Hart [8] proposes a method to test the lack of fit in a linear model using a linear smoother. Consider the model

in which ε_{1} ,...,ε_{n} are zero mean, independent random variables with constant variance σ^{2} < ∞. The principal aim is to learn about the relationship between x and Y as it is expressed through the regression function h. In a parametric approach to inferring h, one assumes that

where Θ is some subset of p-dimensional Euclidean space [8].

The lack-of-fit test is based on smoothing methodology, with an interest in testing the null hypothesis that h is in some parametric class of functions S_{Θ} against the alternative that h is not in S_{Θ}. The idea behind this methodology is that one computes a smooth curve and compares it with a curve that is “expected” under the null hypothesis. If the smooth curve differs sufficiently from the expected curve, then there is evidence that the null hypothesis is false [8]. Smoothing based tests have several advantages; they are omnibus in the sense of being consistent against each member of a very large class of alternative hypotheses, they tend to be more powerful than some of the well-known omnibus tests, and they come with a smoother [8].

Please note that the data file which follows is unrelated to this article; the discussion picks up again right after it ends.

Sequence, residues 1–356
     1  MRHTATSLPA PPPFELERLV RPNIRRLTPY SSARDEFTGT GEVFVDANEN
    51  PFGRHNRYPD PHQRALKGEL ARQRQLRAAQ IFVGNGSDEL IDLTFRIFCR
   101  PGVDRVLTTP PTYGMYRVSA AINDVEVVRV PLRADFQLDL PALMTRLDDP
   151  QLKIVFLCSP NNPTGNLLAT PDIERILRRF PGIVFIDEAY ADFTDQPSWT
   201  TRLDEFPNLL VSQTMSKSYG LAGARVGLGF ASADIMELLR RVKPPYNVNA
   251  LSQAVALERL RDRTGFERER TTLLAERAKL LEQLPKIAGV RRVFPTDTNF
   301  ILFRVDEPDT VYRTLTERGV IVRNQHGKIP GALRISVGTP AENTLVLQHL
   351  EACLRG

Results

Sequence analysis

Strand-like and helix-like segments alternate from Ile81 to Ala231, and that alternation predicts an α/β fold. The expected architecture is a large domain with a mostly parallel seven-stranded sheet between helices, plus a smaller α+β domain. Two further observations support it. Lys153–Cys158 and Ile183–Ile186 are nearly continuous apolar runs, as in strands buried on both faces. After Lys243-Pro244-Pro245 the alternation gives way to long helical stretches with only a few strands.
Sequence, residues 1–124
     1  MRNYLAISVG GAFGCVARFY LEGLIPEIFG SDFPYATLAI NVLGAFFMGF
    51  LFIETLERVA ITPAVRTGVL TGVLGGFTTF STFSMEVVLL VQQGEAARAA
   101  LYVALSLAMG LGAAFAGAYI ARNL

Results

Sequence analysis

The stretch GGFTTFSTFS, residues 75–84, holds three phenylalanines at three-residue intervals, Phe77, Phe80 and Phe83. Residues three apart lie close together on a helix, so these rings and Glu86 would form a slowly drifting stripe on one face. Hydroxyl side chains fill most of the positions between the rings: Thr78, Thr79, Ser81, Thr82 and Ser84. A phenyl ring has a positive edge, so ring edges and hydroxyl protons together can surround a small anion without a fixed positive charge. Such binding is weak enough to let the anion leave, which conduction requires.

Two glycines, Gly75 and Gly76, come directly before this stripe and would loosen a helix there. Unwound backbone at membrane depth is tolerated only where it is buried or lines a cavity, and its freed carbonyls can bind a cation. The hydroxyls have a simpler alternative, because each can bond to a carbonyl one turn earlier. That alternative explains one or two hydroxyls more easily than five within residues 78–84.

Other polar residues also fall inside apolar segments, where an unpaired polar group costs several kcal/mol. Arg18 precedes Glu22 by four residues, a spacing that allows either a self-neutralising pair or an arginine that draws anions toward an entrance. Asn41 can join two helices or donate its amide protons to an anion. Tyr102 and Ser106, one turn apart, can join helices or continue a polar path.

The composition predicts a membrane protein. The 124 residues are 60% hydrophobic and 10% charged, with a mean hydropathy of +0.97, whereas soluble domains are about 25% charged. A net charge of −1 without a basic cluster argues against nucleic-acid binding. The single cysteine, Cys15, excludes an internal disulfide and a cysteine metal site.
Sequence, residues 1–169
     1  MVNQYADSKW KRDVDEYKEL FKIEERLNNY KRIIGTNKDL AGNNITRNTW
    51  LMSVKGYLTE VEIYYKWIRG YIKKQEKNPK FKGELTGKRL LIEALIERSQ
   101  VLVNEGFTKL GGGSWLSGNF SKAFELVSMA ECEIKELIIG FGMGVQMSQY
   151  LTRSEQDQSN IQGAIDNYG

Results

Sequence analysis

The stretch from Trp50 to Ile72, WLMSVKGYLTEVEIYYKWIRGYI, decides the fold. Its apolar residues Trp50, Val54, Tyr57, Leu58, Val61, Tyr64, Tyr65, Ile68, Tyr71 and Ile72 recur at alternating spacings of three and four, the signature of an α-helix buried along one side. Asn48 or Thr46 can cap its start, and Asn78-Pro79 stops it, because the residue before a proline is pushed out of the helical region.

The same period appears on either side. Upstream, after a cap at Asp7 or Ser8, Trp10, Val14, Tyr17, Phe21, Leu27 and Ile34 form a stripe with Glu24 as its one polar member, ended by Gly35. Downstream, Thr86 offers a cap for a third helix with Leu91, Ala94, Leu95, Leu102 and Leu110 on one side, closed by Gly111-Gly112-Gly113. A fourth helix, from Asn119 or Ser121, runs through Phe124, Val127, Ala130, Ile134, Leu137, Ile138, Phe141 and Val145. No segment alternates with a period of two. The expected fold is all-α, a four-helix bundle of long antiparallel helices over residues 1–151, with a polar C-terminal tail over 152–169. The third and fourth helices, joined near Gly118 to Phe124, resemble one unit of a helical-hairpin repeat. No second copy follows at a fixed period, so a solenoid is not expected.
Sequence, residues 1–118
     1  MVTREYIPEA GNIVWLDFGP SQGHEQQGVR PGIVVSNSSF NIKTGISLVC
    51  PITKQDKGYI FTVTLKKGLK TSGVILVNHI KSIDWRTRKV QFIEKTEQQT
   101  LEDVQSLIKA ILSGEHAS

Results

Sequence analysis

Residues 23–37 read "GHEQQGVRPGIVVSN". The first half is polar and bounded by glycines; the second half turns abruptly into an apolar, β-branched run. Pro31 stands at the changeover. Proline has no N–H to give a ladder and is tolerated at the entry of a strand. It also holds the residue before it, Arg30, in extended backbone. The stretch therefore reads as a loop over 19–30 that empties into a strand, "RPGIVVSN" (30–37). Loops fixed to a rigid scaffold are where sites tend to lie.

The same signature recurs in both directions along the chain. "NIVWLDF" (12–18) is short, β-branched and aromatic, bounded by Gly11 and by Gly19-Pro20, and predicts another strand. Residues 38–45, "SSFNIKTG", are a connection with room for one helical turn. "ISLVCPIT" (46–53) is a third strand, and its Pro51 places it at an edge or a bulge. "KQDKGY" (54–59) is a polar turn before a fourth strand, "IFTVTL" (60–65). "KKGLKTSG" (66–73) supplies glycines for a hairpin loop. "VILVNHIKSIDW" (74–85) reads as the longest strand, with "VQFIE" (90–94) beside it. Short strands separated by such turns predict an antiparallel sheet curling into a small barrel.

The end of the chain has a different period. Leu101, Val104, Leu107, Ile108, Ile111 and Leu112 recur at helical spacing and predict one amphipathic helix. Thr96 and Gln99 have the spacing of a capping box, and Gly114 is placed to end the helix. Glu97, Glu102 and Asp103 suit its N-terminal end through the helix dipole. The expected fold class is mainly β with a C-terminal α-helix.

A linear smoother can be used to test the fit of a model, or formally the null hypothesis,

When applied to the residuals, a linear smoother at the point x has the form:

(1)

where the weights w_{i} (x; S), i =1,..,n are constants that do not depend on the data Y_{1},…,Y_{n}, or any unknown parameters, S denotes the value of a smoothing parameter, and ei are the residuals [8].

Suppose that is a nonparametric estimate of h based on a linear smooth of Y_{1},…,Y_{n}, denotes our estimate of θ based on the assumption that the null model is true, and is defined in equation 1. It can be shown [8] that,

(2)